No Gut, No Glory

How Do Probiotics Work?

By Nathan Dewsbury

Ready for a big, positive impact on your dog’s health? In this installment of the Gut Health article series, I want to bring a new perspective based on confirmed science.

To really understand the relationship between probiotics and their canine host, topics get real dirty real fast. Why? Because most research about association between probiotic organisms and benefits deals with fecal samples (usually diarrhea samples).

Is it magic or is it a mystery? Probiotics are microbes that live throughout your dog’s digestive tract, even in the stomach. The generally recognized good microbes (i.e. Probiotics) produce beneficial waste products that are extremely useful. Sounds odd I know, just stay with me! The probiotics convert fiber- and plant-based sugars (FOS, MOS, GOS) pulled from the dog’s diet. Ideal microbe populations are found in those dogs fed a primary or heavily supplemented with raw or B.A.R.F style diets.

So, in fact, these waste products are like gold to your dog’s body, enriching its biochemistry if they are able to thrive. Vitamins. Amino Acids. Short chain fatty acids (Butyric Acid). Stuff your dog could never create on its own. All these help in the feedback mechanisms of the body organ systems, cell wall strength, and immune system support.

A Little Science Lesson!
When we think about any parameter we wish to track, the importance of establishing a baseline or “natural state” needs to be determined. In the matter of gut microbe population in an animal we call this state ‘normobiosis.’ This normal condition means that microorganisms with potential health benefits dominate in number over potentially harmful ones. This is, in contrast to ‘dysbiosis’, where a few potentially harmful micro-organisms are dominant, thus creating a disease-prone situation.

How Probiotics Affect Animals
1) Immunity:
Early development has been proven as critical immune system development. A poultry study is currently examining the effect of pre-& probiotic inoculation into embryos to better understand early animal development and how that informs food formulas. Ever heard of pet food companies putting this much interest into developing puppy dry food formulas? Nope.

2) Infections. Prevents UTI & bladder infections, bovine respiratory infection from Mannheima and Salmonella infection in poultry.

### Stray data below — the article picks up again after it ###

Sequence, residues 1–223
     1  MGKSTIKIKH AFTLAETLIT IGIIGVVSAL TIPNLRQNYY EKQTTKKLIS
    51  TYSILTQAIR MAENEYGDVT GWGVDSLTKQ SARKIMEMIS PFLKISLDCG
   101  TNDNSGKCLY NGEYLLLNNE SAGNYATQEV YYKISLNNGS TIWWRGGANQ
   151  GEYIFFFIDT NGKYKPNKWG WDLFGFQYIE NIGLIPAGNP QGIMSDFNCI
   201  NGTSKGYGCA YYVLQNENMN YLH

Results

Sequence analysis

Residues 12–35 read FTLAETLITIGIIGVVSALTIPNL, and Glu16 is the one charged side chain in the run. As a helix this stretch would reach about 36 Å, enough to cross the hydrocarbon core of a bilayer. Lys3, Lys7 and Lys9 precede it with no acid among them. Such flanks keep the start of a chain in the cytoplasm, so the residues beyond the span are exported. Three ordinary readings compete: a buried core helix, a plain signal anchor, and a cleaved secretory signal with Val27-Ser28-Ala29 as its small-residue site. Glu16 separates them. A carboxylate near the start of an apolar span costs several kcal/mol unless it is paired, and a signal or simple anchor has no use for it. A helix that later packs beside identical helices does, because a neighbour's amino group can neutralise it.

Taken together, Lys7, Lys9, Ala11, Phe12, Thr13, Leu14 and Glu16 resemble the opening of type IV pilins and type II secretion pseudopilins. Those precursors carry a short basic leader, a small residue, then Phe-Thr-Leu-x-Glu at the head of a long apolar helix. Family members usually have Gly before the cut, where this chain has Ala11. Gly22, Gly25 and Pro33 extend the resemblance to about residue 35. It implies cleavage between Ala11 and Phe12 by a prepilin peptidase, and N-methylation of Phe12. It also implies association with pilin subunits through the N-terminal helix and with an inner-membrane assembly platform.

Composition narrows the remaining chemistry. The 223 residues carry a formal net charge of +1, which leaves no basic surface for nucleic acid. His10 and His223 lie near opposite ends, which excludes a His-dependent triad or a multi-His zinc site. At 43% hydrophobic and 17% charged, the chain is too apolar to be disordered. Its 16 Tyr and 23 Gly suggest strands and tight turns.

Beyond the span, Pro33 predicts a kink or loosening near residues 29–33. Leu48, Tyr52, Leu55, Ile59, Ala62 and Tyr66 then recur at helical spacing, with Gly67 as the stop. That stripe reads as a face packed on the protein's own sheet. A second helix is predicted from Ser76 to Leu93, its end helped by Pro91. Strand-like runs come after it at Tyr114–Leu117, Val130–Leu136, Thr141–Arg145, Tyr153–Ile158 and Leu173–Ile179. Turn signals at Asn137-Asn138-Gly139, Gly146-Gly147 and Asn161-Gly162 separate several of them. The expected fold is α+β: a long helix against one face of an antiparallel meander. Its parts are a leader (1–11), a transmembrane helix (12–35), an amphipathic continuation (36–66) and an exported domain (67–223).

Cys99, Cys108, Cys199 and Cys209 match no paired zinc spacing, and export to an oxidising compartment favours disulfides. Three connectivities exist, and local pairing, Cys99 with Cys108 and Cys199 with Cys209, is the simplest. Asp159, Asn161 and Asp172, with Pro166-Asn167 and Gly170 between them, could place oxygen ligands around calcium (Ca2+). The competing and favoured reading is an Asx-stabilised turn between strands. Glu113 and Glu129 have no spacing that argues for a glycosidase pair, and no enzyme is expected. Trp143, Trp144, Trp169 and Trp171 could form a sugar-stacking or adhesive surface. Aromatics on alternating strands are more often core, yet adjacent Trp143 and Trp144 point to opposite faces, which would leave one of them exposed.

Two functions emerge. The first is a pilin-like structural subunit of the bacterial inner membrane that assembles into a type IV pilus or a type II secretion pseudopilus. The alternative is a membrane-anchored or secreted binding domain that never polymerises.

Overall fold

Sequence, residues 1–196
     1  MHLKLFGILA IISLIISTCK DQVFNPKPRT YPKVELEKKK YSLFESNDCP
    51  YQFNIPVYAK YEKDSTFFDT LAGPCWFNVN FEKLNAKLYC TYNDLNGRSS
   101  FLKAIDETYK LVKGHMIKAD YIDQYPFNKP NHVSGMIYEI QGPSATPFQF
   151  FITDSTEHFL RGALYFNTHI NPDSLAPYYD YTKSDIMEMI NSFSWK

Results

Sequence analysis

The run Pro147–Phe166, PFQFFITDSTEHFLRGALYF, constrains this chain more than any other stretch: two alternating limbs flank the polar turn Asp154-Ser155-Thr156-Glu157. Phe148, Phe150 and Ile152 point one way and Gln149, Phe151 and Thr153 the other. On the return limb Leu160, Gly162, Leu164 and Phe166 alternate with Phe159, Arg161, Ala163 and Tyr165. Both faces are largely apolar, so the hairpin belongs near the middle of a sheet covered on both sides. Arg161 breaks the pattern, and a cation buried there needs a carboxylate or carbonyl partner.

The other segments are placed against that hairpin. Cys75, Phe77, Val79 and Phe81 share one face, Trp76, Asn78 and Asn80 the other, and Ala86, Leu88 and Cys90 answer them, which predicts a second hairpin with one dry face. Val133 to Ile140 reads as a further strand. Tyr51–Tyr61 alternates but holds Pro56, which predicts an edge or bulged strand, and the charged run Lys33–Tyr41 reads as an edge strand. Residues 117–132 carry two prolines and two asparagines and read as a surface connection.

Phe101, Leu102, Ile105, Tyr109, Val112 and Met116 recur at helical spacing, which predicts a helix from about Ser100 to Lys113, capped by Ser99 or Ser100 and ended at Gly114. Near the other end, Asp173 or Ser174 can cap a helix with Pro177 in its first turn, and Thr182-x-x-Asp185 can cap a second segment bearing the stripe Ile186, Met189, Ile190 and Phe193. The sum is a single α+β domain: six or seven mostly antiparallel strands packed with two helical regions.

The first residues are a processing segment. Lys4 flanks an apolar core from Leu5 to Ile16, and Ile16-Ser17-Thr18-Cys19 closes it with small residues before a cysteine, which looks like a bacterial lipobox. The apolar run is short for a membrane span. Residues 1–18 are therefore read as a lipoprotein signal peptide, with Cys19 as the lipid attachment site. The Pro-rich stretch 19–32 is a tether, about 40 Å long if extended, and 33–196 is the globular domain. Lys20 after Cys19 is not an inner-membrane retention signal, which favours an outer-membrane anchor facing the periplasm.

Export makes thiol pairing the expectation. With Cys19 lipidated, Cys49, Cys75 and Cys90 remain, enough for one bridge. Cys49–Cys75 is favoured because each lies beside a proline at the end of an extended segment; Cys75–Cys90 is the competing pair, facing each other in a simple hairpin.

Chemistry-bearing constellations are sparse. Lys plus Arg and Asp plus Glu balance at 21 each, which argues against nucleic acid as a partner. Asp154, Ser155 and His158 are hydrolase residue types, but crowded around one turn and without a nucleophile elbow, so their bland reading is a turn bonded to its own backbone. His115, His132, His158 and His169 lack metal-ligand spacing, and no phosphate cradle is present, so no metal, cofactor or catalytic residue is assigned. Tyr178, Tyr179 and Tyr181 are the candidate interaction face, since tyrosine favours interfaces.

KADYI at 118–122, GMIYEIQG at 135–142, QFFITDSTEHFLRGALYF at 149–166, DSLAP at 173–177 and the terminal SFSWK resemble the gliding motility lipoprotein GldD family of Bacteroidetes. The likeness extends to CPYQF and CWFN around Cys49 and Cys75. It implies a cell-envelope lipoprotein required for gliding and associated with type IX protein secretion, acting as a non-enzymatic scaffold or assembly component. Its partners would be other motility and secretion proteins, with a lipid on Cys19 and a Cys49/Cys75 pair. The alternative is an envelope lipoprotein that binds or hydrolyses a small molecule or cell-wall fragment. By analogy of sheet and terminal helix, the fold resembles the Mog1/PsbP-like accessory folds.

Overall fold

3) Vaccination. Promising oral applications have been studied showing 1) oral immunization demonstrated 80% protection against E.coli 0157:H7 infection in mice and 2) a probiotic infused toothpaste increases inhibition oral infections from yeast, staph and strep strains.

4) Cat Poop? Researchers have even looked into feline feces microbes’ impacts on canine gut health. Maybe we will finally understand if cat poop really is bad for dogs!

Food For Thought
Not interested in feeding probiotics? So, on-going research confirms microbe diversity in young animals promotes good growth and physical development. Research also proves that early development of a young animal’s gut microbe population is critical for faster immune system development. Both of these statements, when combined into better diet diversity, are proven to raise healthy and hardy young animals (Day 1 to 365) that need less medical attention. What are we losing by not addressing puppy and young dog gut health needs by feeding kibble based puppy food? It’s not much different from regular adult food. It certainly doesn’t have anything special in it to address any issues raised in this article. Additionally, what sacrifices are we making to long term health and development in our dogs (puppy, adult, senior, and athlete) by not addressing gut microbe populations?

It’s time to take action. We need to take back control of our pet’s health!

You can purchase Origins 5-in-1 Canine today by heading over to

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